I returned mentally exhausted from my two weeks of continuing ed courses at the seminary. (If you’re curious, I took courses on “The Nicene and Post-Nicene Fathers”, “The Doctrine and Practice of the Lord’s Supper,” and “Reconfiguring Your Sunday School.”) The first week alone I had 33+ hours of classroom time. It’s been 17 years since I graduated, and although I study on my own and have been back to the Sem a number of times, I can feel the effects of time beginning to take their toll.
I’m glad to report, however, that my iPad-only experience was a rousing (although still limited) success. There were some tasks that I actually felt were easier to do on the iPad. And those things I couldn’t do directly with the tablet almost always had a work-around.
Things that were better with an iPad:
- Portability. Unlike the other students who had to carry bulky bags to class with their laptops, most didn’t even know that I had brought an iPad with me unless/until I brought it out for research or to take notes.
- Reading. All of the courses I took required extensive reading outside of class. I enjoyed loading up the PDF files in GoodReader and sitting in the comfy chair out in the lounge or in the library. Others had to hunch over their laptop screens — or kill an entire tree to print out the materials. Additionally, GoodReader has an excellent highlighting feature built into the app.
- Battery power. Most of my fellow students needed to sit near outlets to make sure they had a steady stream of electricity to power their laptops. (Although the seminary thoughtfully provided power strips in most classrooms.) I only need to remember to plug in the iPad before my head hit the pillow at night and I was good to go for another day.
- Entertainment. Naturally I mean outside of classroom time, when my reading assignments were done. Far be it from me to check FaceBook while the professor was lecturing! One night I started watching a Netflix movie, but I soon drifted off. The best recreational use I got from the iPad was reading a book during the flight home.
Things that I could do just as well on an iPad as on a laptop:
- Taking notes. I wouldn’t want to use the built-in keyboard for extended typing, but Apple’s keyboard dock made entering notes during class every bit as easy as it would have been with a laptop.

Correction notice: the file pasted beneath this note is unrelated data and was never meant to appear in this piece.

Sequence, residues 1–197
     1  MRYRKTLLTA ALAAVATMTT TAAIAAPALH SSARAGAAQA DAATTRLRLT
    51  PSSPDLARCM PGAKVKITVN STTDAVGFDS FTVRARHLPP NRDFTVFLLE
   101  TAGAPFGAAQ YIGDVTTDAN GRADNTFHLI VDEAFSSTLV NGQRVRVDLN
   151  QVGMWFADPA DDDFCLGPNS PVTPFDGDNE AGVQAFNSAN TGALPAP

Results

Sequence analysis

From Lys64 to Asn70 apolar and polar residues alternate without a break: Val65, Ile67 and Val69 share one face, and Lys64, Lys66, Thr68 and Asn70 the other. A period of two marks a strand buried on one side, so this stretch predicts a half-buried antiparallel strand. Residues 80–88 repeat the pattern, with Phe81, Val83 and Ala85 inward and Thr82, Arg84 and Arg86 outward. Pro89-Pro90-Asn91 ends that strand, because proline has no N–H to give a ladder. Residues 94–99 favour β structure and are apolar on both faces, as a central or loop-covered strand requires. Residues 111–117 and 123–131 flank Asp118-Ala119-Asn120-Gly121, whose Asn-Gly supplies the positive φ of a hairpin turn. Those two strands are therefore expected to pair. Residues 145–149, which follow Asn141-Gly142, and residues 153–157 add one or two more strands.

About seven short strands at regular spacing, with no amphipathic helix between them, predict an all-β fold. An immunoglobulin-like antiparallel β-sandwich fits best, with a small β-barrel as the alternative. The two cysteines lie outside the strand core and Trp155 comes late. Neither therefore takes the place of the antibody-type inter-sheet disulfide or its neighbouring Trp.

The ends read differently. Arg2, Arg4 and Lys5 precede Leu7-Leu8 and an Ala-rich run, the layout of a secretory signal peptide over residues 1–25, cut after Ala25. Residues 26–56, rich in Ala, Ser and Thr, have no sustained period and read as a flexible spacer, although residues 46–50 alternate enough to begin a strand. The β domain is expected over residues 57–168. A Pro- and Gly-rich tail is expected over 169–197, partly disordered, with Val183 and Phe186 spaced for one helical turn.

- Class presentation. I put together a short presentation using Keynote that looked better than anything built on Windows-driven laptops. I was amazed how easy it was. Connecting the iPad to the classroom projector (with a dongle I brought) was a breeze as well.
- Email. I’m not a huge fan of Apple’s Mail app on the iPad, but it works.
- Access files from home. I have all of my work (but not sensitive personal) documents synched on DropBox. It was a cinch to access any of them in seconds.
- Internet access. This one might actually belong above. Many fellow students complained about spotty network signals throughout the dorms. There was only one fleeting moment where my iPad’s connection dropped out — only to pick up the signal again within seconds. I was able to surf the web and do specific tasks like personal banking and reserve my seat for the flight home.
Things that were difficult or impossible to do with just an iPad:
- Access the seminary’s file system. Some professors put class notes and other required material on the seminary’s “common drive” which was made accessible to students. It can be tricky to navigate these network drives on a laptop, but the iPad has no ability at all to access that kind of secure file system. (Is there an app for that?) I discovered a really kludgy workaround that involved signing into my email account on the library computer, but it was awkward and time-consuming. This was the iPad’s biggest Fail of the whole two weeks.
- Print. If I had needed to print a document — past contrary-to-fact conditional — this would have been another Fail.
- Work with Biblical languages. I use Logos for my work with Greek and Hebrew at home, even though I know I don’t use a fraction of what the software is capable of. The Logos app is handy for reading text, but there’s no way you can do anything like serious exegetical work with the iPad version alone. Fortunately, the courses I took didn’t require much work with the original languages.
Some gaps in functionality were filled with campus PCs (for example, accessing the school’s file system) and others with my trusty iPhone (like taking pictures of the seminary’s beautiful campus). In the end, I was very happy with my decision to only bring my iPad. I noticed another pastor had brought both. He rarely took out his iPad, preferring to work almost exclusively on his laptop. Further conversation with him, however, revealed that he wasn’t fully aware of everything that his Apple tablet was capable of. Maybe next time he’ll consider leaving the laptop at home as I did.